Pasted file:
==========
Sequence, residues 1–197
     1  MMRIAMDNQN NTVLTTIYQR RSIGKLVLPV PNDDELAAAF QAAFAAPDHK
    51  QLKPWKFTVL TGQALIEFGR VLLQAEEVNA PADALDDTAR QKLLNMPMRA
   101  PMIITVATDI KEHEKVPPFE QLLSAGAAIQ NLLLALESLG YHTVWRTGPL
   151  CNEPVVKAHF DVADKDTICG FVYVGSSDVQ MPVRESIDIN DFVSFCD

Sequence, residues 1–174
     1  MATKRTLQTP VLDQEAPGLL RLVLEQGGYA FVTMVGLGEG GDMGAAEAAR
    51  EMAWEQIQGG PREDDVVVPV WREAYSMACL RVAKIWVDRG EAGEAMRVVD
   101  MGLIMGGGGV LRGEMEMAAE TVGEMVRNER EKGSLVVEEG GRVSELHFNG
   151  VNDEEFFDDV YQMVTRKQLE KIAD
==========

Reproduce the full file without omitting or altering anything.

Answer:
Sequence, residues 1–197
     1  MMRIAMDNQN NTVLTTIYQR RSIGKLVLPV PNDDELAAAF QAAFAAPDHK
    51  QLKPWKFTVL TGQALIEFGR VLLQAEEVNA PADALDDTAR QKLLNMPMRA
   101  PMIITVATDI KEHEKVPPFE QLLSAGAAIQ NLLLALESLG YHTVWRTGPL
   151  CNEPVVKAHF DVADKDTICG FVYVGSSDVQ MPVRESIDIN DFVSFCD

Sequence, residues 1–174
     1  MATKRTLQTP VLDQEAPGLL RLVLEQGGYA FVTMVGLGEG GDMGAAEAAR
    51  EMAWEQIQGG PREDDVVVPV WREAYSMACL RVAKIWVDRG EAGEAMRVVD
   101  MGLIMGGGGV LRGEMEMAAE TVGEMVRNER EKGSLVVEEG GRVSELHFNG
   151  VNDEEFFDDV YQMVTRKQLE KIAD